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Volume 59 / Social Sciences


WILLIAM V. DAVIDSON, Associate Professor and Chair, Department of Geography and Anthropology, Louisiana State University, Baton Rouge

UNLIKE PREVIOUS HLAS VOLUMES, the works herein do not reflect any general trends. Environmental degradation, plant geography, transportation, problems associated with urban growth, and historical cartography are themes that are covered in at least two publications, but no significant topical concentrations appear.

Especially notable is the Spanish translation of Humboldt's 1805 essay, in French, on American plant geography (item #bi 98014647#). The World Wide Fund for Nature's designation of 69 priority areas in Latin America for plant conservation is a nice modern complement (item #bi 98014648#).

For a survey of the most recent interests of US geographers, one might view issues of the Yearbook of the Conference of Latin Americanist Geographers, edited in 1997 by Robinson and Doenges, in 1998 by Keeling and Wiley, in 1999 by Caviedes, in 2000 by Keeling, and in 2001 by Knapp. The issue for 2002 will be renamed the Journal of Latin American Geography. Sites of recent CLAG meetings were Santa Fe, New Mexico (1998), Austin, Texas (2000), and Benicassim, Spain (2001). The CLAG web page, organized efficiently by Robinson at Syracuse University, is available at http://clagonline.org/. Revista Geográfica, the traditional geography outlet from the Pan American Institute of Geography and History, has been rejuvenated under the editorship of Córdova, from Lima.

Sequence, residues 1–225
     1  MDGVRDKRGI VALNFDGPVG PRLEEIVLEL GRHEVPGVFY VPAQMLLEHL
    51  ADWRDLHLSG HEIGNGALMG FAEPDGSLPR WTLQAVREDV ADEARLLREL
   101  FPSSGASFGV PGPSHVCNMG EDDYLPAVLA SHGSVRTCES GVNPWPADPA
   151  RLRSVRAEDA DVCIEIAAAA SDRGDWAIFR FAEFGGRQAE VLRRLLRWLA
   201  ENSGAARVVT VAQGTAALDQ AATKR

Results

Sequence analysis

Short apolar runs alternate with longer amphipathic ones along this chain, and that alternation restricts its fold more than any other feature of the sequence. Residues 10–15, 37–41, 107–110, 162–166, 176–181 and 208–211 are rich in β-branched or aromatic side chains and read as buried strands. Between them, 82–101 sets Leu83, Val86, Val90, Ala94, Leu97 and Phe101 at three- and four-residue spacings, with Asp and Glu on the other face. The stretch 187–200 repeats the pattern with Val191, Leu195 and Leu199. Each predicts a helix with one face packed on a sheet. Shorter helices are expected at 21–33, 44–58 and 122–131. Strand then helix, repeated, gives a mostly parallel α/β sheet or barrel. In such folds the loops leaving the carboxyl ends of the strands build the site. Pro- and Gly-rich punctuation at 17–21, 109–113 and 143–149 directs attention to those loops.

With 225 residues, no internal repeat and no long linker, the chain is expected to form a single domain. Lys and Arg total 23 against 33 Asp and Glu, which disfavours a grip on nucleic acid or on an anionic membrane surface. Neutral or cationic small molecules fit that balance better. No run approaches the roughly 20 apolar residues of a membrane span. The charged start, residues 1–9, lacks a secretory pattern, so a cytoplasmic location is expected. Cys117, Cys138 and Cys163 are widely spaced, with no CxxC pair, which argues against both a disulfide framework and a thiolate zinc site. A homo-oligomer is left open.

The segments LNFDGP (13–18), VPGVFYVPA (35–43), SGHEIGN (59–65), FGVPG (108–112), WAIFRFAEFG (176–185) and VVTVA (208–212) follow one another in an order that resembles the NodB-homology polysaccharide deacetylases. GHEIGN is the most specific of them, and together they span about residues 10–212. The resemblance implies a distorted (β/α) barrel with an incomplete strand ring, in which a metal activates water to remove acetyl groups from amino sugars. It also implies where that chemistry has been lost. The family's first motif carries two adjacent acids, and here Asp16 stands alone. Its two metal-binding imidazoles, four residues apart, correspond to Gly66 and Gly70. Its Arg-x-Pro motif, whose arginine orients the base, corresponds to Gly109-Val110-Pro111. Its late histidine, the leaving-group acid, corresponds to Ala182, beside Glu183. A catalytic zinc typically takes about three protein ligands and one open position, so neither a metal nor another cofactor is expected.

During the 1990s, four doctoral programs produced at least 10 dissertations on topics in Latin American geography: Louisiana State University (15), The University of Texas-Austin (13), University of California-Berkeley (11) and Syracuse University (11).

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